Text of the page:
In addition Jersey and Guernsey are readily accessible from London so that for those Middle East and Far East clients with business interests or family connections in London, choosing a Jersey or Guernsey structure also makes practical and logistical sense.

The legal profession in Jersey and Guernsey are also experienced in advising in relation to trusts and other structures and Ogier has long been at the forefront of this area.

Is it possible to create bespoke structures in Jersey and Guernsey that are Sharia compliant?

For Middle East clients a Jersey or Guernsey trust or foundation can be Sharia law compliant. The legislation governing trusts and foundations is sufficiently flexible to enable the creation of trusts and foundations that are fully or partially compliant with Sharia law notably with regard to the Islamic rules of inheritance and restrictions on investment. Inheritance and the investment of assets are usually two key areas which require careful consideration on the structuring of assets for Middle East families. Private wealth structuring compliant with Sharia law is a growing area – research forecasts that Islamic finance products are set to grow not just in the Middle East region, but also at a corporate level where access to Islamic capital markets is being sought.

What are the trends in terms of structuring options?

We are seeing an increasing demand from Middle East and Far East clients for trust instruments drafted with reserved powers (e.g. a reserved investment power). Understandably settlors from these jurisdictions want control (in varying degrees) over key aspects of the trust and the absence of sophisticated anti-avoidance legislation in many of the jurisdictions in the Middle East and the Far East means that from a fiscal perspective the settlor may not need to be wholly disconnected from key aspects of the trust. Drafted properly reserved investment powers can assist to mitigate trustee risk. However, there can be pitfalls with their use as well. Trustees should consider the application of reserved powers carefully and on a case by case basis rather than adopting a one size fits all approach to their use.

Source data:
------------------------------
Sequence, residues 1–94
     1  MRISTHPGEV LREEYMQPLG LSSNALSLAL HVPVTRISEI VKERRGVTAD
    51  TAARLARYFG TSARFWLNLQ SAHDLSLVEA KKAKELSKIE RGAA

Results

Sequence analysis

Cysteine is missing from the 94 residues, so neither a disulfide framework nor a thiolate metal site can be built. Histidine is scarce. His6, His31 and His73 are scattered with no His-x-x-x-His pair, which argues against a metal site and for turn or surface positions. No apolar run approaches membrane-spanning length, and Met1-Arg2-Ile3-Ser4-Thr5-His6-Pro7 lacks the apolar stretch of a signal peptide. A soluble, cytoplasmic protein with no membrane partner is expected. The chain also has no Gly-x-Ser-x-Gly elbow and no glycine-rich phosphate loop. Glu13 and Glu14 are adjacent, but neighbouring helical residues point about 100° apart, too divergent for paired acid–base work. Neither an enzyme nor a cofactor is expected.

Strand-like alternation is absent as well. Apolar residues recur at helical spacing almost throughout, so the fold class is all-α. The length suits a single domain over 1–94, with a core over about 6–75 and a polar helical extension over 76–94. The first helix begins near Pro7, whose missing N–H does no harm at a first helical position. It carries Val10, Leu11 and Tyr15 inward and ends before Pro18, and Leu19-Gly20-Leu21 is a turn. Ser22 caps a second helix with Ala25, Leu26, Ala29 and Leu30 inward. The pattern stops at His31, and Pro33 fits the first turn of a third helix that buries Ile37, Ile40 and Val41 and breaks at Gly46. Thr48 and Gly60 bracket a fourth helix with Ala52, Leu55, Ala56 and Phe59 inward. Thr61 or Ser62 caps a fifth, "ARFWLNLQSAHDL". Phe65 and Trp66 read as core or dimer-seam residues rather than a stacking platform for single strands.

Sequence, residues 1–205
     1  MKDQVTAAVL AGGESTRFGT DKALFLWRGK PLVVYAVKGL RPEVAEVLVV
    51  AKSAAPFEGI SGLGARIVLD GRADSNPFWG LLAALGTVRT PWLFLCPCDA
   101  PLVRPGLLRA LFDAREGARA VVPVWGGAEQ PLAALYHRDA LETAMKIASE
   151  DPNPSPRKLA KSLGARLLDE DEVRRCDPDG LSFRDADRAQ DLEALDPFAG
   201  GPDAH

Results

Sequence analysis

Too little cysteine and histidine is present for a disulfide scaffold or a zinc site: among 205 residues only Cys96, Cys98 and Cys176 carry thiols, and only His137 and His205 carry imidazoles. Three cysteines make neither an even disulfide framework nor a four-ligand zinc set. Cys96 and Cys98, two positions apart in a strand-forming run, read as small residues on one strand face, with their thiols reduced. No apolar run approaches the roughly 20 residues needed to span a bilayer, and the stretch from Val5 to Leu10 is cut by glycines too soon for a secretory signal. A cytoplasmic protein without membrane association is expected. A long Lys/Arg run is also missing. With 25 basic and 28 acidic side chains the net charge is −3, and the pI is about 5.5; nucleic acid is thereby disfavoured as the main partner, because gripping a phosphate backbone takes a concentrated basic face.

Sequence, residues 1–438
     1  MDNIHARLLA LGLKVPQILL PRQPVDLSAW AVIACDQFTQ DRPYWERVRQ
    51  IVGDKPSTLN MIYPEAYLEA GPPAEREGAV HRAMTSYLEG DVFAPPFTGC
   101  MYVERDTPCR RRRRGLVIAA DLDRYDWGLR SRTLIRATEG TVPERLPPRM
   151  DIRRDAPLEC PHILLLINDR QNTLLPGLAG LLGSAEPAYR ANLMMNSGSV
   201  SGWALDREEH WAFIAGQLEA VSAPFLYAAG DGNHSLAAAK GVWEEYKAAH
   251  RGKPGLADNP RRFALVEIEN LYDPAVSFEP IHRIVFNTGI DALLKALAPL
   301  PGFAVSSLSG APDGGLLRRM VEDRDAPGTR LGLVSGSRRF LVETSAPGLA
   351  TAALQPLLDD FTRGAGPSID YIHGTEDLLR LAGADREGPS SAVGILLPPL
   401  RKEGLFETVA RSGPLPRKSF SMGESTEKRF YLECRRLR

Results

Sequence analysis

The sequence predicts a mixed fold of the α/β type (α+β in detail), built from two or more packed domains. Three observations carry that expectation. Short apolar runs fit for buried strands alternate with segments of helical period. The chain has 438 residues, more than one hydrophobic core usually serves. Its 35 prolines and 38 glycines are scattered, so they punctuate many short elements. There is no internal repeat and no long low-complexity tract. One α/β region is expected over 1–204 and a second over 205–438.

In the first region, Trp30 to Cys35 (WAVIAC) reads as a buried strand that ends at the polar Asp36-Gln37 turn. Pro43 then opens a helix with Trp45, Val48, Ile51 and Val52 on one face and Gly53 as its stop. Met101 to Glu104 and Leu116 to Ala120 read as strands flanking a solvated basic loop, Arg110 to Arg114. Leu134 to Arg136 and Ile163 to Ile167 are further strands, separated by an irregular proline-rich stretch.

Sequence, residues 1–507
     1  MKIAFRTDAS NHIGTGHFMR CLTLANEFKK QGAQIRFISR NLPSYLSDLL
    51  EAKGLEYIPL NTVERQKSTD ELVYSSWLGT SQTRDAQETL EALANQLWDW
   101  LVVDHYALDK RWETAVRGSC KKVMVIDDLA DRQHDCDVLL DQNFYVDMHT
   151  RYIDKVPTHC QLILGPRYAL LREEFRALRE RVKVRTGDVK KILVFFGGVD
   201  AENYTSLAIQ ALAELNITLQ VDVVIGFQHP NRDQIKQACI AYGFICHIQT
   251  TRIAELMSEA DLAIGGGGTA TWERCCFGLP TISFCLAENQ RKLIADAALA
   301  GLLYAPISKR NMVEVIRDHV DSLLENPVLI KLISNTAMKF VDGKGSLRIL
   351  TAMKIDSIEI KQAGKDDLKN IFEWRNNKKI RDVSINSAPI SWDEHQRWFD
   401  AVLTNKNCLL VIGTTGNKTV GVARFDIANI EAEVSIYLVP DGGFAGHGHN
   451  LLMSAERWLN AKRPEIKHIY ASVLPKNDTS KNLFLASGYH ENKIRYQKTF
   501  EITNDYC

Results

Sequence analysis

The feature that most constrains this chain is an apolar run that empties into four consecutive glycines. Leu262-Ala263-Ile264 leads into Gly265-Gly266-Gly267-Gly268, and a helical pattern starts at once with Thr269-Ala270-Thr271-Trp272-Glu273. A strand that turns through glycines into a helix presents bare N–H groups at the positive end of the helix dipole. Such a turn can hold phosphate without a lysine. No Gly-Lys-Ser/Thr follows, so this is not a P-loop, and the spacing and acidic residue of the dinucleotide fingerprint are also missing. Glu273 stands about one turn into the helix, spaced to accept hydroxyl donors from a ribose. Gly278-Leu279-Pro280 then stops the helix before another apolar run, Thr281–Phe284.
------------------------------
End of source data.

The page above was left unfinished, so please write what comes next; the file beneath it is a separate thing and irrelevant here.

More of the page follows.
We are also seeing an increase in the use of private trust companies - rather than transferring assets to a service provider's trustee some clients may prefer to establish their own trustee (a "PTC") and for the PTC to act as trustee of one or more of the family trusts. Founders increasingly want more control and family participation. To this end experienced family members and trusted advisers with experience and knowledge of the family and the family business or other assets being transferred into trust can become board members of the PTC usually to sit alongside directors provided by the professional service provider. A PTC board comprised on this basis with in house knowledge and skills will often be able to take key decisions quickly where circumstances require. A PTC can further allow for the next generation of the family to become educated and experienced with the PTC's activities, assets and values before important decisions need to be made (e.g. through membership of an investment committee).